Security researchers have made public a malware campaign that used enterprise mobile device management servers to gain total control of Apple iPhones in order to intercept and steal data from users.
Cisco's Talos security division discovered the novel attack which it said was highly targeted, striking only 13 iPhones in India.
The attacker had somehow managed to enroll the iPhones with two open source iOS MDM servers, which provided full control of the devices.
Once the devices were enrolled with the MDM server, a dynamic link library was injected into apps such as WhatsApp and Telegram on the iPhones.
Five malicious applications deployed by the attacker were used to test the functionality of the device, stealing SMS contents, exfiltrating data and sending location information.
The security researchers were not able to ascertain how the attacker had enrolled the devices onto the MDM server, a multi-stage process that requires user interaction to install digital certificates.
Enrollment could be achieved with physical device access, but Talos suspect it took place through social engineering, where users are tricked to accept malicious code being installed on their iPhones and click through prompts.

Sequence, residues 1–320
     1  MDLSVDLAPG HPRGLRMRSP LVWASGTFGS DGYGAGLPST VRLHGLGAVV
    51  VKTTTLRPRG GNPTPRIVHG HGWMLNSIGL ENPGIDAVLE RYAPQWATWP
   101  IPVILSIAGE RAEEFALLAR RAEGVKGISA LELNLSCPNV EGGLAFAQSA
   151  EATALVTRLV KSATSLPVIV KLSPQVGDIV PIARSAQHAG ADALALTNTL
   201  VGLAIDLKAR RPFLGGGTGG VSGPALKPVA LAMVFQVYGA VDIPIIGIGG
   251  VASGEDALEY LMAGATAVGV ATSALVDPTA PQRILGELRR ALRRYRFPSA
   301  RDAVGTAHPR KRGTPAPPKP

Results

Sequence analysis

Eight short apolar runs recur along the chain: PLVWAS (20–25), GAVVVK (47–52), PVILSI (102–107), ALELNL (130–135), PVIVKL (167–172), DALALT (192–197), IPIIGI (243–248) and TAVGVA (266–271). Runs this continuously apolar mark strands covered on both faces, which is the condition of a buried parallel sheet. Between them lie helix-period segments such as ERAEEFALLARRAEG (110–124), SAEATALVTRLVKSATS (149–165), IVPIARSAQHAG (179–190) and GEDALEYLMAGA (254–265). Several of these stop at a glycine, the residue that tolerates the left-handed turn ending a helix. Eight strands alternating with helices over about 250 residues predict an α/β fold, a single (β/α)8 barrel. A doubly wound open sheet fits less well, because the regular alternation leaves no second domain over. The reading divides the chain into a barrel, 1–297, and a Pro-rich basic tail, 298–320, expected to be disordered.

Installing certificates of unknown provenance could be very dangerous for users, Talos warned.
"By installing a certificate outside of the Apple iOS trusted certificate chain, you may open up to possible third-party attacks like this.
Users must be aware that accepting an MDM certificate is equivalent to allowing someone administrator access to their device and passwords, Talos stressed.
This must be done with great care in order to avoid security issues and should not be something the average home user does," the researchers wrote.
Talso notified Apple which has revoked the five digital certificates used by the attacker, whom the researchers believe is India-based despite using Russian email addresses.